Oregon wines are hot these days—their share of the U.S. market, while still relatively small, is one of the market’s fastest growing segments. “We sold about twice as much Oregon Pinot Noir in dollar sales last year than the previous year,” says Kyle Meyer, managing partner of Wine Exchange in Santa Ana, California. Beaver State wines increased 16% for the 52-week period ended August 11, 2018, according to the Oregon Wine Board. Oregon Pinot Noir volume jumped 17% and Chardonnay grew 10%. With competitive pricing and high quality, abundant vintages have fueled these gains. “The wines have the right combination of Burgundian-style freshness and ripeness, with nice richness on the palate,” Meyer notes. “You get energy and vibrancy in the wine, but you still get silky, softer tannins.”
At Wine Exchange, Oregon labels are integrated with other wines on the retail shelves rather than in their own section. “We mix Oregon offerings in with the California Pinot Noirs and we make the customer work a little—it’s a good way to get into the wines,” Meyer says. “We’re pretty minimal with point-of-sale in the store. We do have an email program, and Oregon Pinot Noir is included at least once a month. It’s part of the family.”
This subtle approach works for Wine Exchange, which carries between 40 and 45 Oregon wine brands and roughly 100 SKUs. Oregon wine sales at the 14,000-square-foot store are dynamic. “We sell out of stuff all the time,” Meyer says.
In Connecticut, Oregon wines are well represented at the six M&R Liquors stores, where the wines receive p-o-s support and are integrated on the shelves by varietal. M&R has approximately 40 Oregon SKUs, including 25 Pinot Noirs, available, with the rest primarily Pinot Gris and Chardonnay. “Oregon definitely does Pinot Noir well,” says Patti Paul, manager and marketing director at M&R Liquors. “They’re a little more Burgundian in style—earthier, and the fruit is not in your face.”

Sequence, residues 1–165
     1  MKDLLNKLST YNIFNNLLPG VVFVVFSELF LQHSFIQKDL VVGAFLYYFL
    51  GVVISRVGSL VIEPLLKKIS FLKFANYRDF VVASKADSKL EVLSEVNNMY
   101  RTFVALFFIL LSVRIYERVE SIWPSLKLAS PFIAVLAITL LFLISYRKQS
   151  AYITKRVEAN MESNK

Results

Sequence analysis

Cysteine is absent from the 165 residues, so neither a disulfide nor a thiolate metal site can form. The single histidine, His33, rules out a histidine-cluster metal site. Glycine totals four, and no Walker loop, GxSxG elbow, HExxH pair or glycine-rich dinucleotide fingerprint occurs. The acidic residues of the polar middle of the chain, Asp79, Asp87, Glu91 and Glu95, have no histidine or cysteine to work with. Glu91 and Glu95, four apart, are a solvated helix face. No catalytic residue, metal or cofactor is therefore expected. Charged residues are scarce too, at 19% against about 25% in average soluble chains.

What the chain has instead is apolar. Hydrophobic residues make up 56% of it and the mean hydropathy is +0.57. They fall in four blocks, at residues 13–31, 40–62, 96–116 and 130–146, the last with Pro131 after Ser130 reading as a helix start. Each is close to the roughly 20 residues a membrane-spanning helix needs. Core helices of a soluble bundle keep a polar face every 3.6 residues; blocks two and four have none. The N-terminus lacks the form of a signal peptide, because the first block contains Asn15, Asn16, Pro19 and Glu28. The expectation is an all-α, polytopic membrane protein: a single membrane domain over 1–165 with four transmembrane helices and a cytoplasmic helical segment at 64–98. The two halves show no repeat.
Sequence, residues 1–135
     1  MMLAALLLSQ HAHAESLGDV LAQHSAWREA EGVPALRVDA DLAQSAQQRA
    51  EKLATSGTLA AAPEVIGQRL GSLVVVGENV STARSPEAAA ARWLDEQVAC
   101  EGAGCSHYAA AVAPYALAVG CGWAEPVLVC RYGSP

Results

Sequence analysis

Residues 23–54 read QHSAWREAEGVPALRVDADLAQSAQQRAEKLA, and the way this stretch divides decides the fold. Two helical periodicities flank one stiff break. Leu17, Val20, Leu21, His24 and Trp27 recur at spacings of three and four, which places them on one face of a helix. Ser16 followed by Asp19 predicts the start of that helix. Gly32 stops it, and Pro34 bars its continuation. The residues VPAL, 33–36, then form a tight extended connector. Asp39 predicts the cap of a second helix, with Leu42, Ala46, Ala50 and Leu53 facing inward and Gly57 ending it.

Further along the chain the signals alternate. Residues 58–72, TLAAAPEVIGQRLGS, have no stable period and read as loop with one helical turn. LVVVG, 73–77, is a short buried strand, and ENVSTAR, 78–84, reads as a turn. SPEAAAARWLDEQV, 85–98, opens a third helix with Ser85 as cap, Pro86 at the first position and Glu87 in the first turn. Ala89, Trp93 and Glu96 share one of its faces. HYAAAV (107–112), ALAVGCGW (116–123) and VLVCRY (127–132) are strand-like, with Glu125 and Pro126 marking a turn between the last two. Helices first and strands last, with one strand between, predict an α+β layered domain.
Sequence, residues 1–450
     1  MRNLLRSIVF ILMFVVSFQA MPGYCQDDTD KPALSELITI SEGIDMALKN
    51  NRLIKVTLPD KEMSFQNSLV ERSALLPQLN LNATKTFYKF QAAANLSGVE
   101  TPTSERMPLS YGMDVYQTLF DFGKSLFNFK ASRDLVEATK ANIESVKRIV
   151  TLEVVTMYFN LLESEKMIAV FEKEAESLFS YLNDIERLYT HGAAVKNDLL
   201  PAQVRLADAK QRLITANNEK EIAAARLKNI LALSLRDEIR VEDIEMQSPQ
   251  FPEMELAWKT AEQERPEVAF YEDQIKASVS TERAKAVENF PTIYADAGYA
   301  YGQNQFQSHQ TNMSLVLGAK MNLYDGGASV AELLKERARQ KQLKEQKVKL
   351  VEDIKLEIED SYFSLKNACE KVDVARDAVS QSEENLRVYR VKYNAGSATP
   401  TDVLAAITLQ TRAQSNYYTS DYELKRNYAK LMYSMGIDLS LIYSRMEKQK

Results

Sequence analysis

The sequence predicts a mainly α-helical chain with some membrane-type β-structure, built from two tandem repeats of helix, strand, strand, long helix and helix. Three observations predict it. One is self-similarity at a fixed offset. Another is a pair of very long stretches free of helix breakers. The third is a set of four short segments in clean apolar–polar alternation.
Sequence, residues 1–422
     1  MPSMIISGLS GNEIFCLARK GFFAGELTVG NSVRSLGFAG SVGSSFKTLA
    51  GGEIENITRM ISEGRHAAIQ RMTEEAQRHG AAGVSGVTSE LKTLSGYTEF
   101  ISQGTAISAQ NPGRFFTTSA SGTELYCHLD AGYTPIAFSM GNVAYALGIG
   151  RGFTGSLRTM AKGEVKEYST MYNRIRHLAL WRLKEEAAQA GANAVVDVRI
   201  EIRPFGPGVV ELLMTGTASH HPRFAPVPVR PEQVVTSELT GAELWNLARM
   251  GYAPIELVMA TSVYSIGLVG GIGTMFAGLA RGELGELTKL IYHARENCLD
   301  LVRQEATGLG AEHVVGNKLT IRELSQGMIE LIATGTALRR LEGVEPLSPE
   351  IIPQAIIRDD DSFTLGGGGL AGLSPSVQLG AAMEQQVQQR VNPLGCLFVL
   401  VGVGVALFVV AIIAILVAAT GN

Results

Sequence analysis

Sales of Oregon wines are growing at more modest single-digit rates at M&R’s stores, and Paul considers them a niche market. Oregon Pinot Noir accounted for 7.6% of total Pinot Noir sales at M&R last year, while the state’s Pinot Gris comprised 8.8% of the store’s total sales of the white varietal. Paul notes that the pace of Oregon wine sales on the East Coast has not yet caught up with West Coast trends. “Wine trends happening in California usually catch on here about two years later,” she observes.
Popular Oregon wine brands at M&R include Willamette Valley Vineyards ($15-$22 a 750-ml.) and Second Growth ($18-$25). Top-selling labels at Wine Exchange include Colene Clemens ($25-$55), Cristom ($32-$130), and Drouhin Roserock ($30-$65). Meyer says that there have been some minor price increases recently, but values are still competitive.
While Pinot Noir dominates Oregon wine sales, Chardonnay shows promise. “Chardonnay will continue to emerge as a varietal up there,” Meyer says. “It’s a great place to grow Chardonnay. At the top end, they’re looking at the French Burgundy model, which is a reductive style of wine making.”
Retailers expect Oregon wines will maintain momentum as trends shift eastward. “Oregon will continue on a tear,” Meyer says. “Prices are still reasonable. California has done very well with Pinot Noir, but I like the consistency of Oregon Pinot Noir for the price.”